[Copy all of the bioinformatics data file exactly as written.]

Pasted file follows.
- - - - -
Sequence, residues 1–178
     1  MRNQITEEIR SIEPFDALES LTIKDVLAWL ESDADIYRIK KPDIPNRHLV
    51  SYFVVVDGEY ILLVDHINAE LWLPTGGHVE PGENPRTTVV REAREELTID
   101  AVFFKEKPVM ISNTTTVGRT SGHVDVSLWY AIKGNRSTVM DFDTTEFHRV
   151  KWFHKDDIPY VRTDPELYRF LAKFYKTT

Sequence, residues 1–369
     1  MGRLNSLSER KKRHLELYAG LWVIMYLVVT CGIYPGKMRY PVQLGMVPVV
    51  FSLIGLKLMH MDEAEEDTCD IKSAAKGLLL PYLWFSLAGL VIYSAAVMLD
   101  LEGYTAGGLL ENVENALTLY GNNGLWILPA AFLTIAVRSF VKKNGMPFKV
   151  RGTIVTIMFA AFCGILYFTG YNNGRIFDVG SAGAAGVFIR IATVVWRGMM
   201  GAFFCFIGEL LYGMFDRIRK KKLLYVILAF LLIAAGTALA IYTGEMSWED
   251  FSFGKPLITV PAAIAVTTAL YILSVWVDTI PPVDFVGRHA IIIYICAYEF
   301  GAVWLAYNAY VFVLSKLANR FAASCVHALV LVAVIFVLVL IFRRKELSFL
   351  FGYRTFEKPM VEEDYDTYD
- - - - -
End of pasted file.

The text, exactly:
Sequence, residues 1–178
     1  MRNQITEEIR SIEPFDALES LTIKDVLAWL ESDADIYRIK KPDIPNRHLV
    51  SYFVVVDGEY ILLVDHINAE LWLPTGGHVE PGENPRTTVV REAREELTID
   101  AVFFKEKPVM ISNTTTVGRT SGHVDVSLWY AIKGNRSTVM DFDTTEFHRV
   151  KWFHKDDIPY VRTDPELYRF LAKFYKTT

Sequence, residues 1–369
     1  MGRLNSLSER KKRHLELYAG LWVIMYLVVT CGIYPGKMRY PVQLGMVPVV
    51  FSLIGLKLMH MDEAEEDTCD IKSAAKGLLL PYLWFSLAGL VIYSAAVMLD
   101  LEGYTAGGLL ENVENALTLY GNNGLWILPA AFLTIAVRSF VKKNGMPFKV
   151  RGTIVTIMFA AFCGILYFTG YNNGRIFDVG SAGAAGVFIR IATVVWRGMM
   201  GAFFCFIGEL LYGMFDRIRK KKLLYVILAF LLIAAGTALA IYTGEMSWED
   251  FSFGKPLITV PAAIAVTTAL YILSVWVDTI PPVDFVGRHA IIIYICAYEF
   301  GAVWLAYNAY VFVLSKLANR FAASCVHALV LVAVIFVLVL IFRRKELSFL
   351  FGYRTFEKPM VEEDYDTYD